The year 2020 ended for me with an emergency root canal. It seemed a fitting way to close out a year that had so little to recommend it. It was a ghastly year, filled with disease and death, upheaval and rumors, ersatz controversies and real ones. Why shouldn’t it end with an angry molar whose nerves were calling it quits?
And yet. When we zoom in from the macro dysfunction to the micro events of our daily lives, there were blessings to be found in 2020. So my New Year’s resolution of sorts is to appreciate the silver linings of 2020 in the hope that it will improve my attitude going into 2021.
Take that root canal, for instance. Thank goodness there were dentists willing to work during a pandemic and willing to tackle my “hot tooth,” sticking their hands into my germ factory of a mouth even when they didn’t know me from Adam and didn’t know how well I was abiding by pandemic protocols.
A blessing that I hope lingers is my rediscovery of what “essential” means. In 2020 I was reminded that essential did not mean powerful, rich, or celebrated. Essential was the cashier at my grocery store who showed up for work when there were no Plexiglas protectors and no toilet paper, when nerves were raw and the risk seemed oppressively real.
Essential was not just the doctors with the big salaries. Essential meant the nurses in the ICUs and the ERs who did most of the caregiving and the handholding and too often lost their lives in service to others. Listening to the tearful testimonies of nurses who had seen so many people die alone, I felt for their pain and for the goodness that drove them to return to work each day and face that pain all over again.
And it wasn’t just the nurses who acted selflessly. Another blessing easy to miss was that most of us cared about one another. Despite the blizzard of media reports about pandemic crazies who refused to believe it was real or who refused to wear masks, most of us, most of the time, were trying to do the right thing.
We tried to take seriously the safeguards that were intended not only to save us but to save others. The pandemic exposed the selfishness of some, but it also affirmed that many more of us are guided by an altruism that characterizes humanity at its best.
I consider it a blessing that in the first months of the pandemic I recovered the sounds of silence. Traffic was minimal. Air pollution levels dropped. We walked in our neighborhoods instead of driving to work. I started noticing bird songs. When I took breaks from working at the dining room table (my new office), I fed the mourning doves and cardinals who were my only regular visitors.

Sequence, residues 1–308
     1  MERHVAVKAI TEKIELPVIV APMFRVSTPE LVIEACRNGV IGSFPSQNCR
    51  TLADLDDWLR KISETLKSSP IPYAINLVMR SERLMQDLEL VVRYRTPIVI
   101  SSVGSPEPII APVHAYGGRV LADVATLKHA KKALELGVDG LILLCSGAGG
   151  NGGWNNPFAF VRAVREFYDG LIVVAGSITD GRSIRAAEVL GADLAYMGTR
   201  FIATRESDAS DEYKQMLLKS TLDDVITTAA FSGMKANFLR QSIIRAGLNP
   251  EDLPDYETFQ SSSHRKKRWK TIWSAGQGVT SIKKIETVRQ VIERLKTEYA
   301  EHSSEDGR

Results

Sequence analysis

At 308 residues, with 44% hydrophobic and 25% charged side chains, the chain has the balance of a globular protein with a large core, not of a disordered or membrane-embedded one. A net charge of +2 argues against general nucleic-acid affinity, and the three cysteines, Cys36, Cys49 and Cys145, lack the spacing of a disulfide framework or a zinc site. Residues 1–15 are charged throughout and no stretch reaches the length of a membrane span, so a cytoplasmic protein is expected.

Judging from the profits of Jeff Bezos and Amazon, I’m not sure how many of us supported our struggling local shopkeepers, but a lot of us tried to help the hardy entrepreneurs who make up the backbone of our communities. Many of us also donated a lot more to caring services as well, grateful that we had jobs and income. In 2020, need was not something far away. It was all around us.
This notion of community as something real and tangible may be a blessing we all share in 2021. In 2020, I found myself walking more and greeting people more readily. If our public culture as embodied by social media was degenerating to the howl of the mob, my neighborhood culture became, well, more neighborly.
Our Church had a rough go of it in 2020, with closures and lawsuits and the McCarrick report, but we had blessings, too. Pope Francis’ remarkable “urbi et orbi” in Rome at the height of the first wave of the pandemic was perhaps the most visually striking moment of his papacy.
The livestreamed rosaries and Masses united us not just with our parish but with Catholics from around the world. I found the international audience attracted to the livestreamed Masses of Bishop Robert Barron to be as inspiring as his homilies.
Even our pang of hunger for the Eucharist was a blessing, I believe. Surveys may suggest that many Catholics see the Eucharist as a symbol, but the hunger we felt was for more than a mere symbol. The challenge we face in 2021 will be to return to church and accustom ourselves once again to Mass as a community.
This was a most extraordinary year: painful and yet not without rewards. I don’t think I will recover my “old normal” for a long time, if ever. I do hope my “new normal” contains some of the blessings unexpectedly found in 2020.